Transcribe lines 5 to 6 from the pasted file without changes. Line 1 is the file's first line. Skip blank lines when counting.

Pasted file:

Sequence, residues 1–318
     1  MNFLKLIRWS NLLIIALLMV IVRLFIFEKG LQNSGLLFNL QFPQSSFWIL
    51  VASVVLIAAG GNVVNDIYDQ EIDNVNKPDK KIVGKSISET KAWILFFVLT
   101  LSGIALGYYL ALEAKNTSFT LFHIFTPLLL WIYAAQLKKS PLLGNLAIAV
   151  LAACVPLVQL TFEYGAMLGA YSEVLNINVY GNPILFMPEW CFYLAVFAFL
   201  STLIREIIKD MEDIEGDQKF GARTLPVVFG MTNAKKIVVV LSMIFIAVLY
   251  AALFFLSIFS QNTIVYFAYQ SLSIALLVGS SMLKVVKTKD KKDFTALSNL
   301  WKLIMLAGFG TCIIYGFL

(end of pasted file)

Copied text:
   151  LAACVPLVQL TFEYGAMLGA YSEVLNINVY GNPILFMPEW CFYLAVFAFL
   201  STLIREIIKD MEDIEGDQKF GARTLPVVFG MTNAKKIVVV LSMIFIAVLY